5Q1) p. 64 This section opens with examples of tasks that SIFE are capable of doing.  Illustrating is one example. Drawing my understanding of democracy is more cognitively demanding than repeating what my teacher just said about it…or choosing an answer from a multiple choice test.  What is another way that a pre-literate language learner might show you his knowledge on a subject? Do you have anything else to share on this?

5Q2)  p. 65 – 67 Structured conversations are key learning opportunities in any classroom.  Why are opportunities to participate in structured talk are critical for SIFE?  These pages show examples of ways to support and structure conversations.  Please share thoughts or any more that you could add to these.

5Q3)  p.72 This is a memory of a difficult to reach student, asking for more reading material.  It shouldn’t have been such a surprise because we can remind ourselves that every child wants to learn.  Have you ever had a hard-to-reach student show you their desire to learn? What do you think made the difference for that child?

5Q4)  p. 73 & 74  Balanced Literacy: These two pages attempt to offer a high-level overview of the balanced literacy approach.  Most secondary teachers (and even upper elementary teachers) do not get training in balanced literacy. Is any of this new learning for you?  Rephrase or respond to the parts of this overview that stood out to you the most.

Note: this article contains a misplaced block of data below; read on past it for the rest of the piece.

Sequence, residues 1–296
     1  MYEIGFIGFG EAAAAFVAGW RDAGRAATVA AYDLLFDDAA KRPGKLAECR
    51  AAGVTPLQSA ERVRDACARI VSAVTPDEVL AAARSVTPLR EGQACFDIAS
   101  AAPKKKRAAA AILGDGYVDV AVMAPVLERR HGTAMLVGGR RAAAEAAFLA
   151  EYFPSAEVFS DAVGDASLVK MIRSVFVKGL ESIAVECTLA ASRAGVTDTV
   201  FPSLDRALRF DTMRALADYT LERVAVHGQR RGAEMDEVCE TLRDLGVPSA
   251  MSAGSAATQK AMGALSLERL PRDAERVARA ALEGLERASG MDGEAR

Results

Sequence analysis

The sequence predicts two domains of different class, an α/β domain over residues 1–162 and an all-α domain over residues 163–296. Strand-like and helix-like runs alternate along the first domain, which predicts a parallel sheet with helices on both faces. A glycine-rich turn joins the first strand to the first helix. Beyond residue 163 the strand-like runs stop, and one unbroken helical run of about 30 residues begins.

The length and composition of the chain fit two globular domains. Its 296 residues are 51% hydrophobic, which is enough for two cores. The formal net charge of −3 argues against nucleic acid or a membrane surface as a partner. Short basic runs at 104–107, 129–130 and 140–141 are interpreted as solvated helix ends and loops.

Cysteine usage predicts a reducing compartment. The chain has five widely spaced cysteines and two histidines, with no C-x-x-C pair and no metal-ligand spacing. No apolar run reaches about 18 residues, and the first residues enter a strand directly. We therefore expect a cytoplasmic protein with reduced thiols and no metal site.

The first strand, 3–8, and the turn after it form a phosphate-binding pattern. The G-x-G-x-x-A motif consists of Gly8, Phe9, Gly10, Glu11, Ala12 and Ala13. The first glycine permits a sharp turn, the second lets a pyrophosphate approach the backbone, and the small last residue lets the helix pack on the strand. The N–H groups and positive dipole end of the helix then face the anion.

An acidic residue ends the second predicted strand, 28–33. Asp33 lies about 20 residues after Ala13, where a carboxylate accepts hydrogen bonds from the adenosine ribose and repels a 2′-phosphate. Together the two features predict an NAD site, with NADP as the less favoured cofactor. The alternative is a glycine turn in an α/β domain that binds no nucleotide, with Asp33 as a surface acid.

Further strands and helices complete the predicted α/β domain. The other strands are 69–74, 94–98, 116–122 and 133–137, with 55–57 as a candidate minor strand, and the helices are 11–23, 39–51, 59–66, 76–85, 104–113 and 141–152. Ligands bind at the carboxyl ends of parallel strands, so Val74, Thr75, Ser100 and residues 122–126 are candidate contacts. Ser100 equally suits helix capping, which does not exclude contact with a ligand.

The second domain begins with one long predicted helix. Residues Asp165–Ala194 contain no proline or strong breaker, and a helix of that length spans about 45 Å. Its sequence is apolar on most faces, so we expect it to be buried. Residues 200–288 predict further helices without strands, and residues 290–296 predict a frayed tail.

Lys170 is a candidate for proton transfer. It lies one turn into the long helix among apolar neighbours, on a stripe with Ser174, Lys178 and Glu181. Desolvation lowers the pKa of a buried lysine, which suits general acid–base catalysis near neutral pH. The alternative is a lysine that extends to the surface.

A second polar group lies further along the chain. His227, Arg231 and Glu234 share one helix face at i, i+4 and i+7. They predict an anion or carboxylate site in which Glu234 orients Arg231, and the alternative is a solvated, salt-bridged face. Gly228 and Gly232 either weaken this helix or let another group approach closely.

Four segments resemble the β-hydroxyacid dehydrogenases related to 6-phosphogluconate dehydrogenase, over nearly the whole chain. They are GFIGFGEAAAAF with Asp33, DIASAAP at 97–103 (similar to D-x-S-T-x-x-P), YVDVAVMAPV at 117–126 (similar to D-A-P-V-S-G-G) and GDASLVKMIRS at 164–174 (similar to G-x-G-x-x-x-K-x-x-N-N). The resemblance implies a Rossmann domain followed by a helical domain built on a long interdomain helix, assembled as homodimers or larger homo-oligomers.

5Q5) p. 75.  But what if they can’t read in their native language?  And we are in high school?? Read page 75 and respond to this question.  Use some of the facts mentioned about SIFE learning to read. Please add additional considerations or thoughts you have about things we should keep in mind.

5Q6) p. 76-p 81. These pages explain different activities that scaffold reading so that SIFE can get access to grade-level text while they are learning to decode print.  Watch the two short videos (  and and then look over the activities again.   Besides a newfound growth mindset, what practical reading strategies on these pages may have contributed to Nabil’s gains in reading?  Why do you think that?

5Q7)  p.  82 Language Experience Approach: What are your thoughts about ESL teachers using this approach for reading and writing instruction of SIFE? Revisit the components of the balanced literacy approach on p 74.  Which best practices from p. 74 are carried out when we use an LEA approach?

5Q8) These final pages of the book are worth deep reflection.  Please reflect on: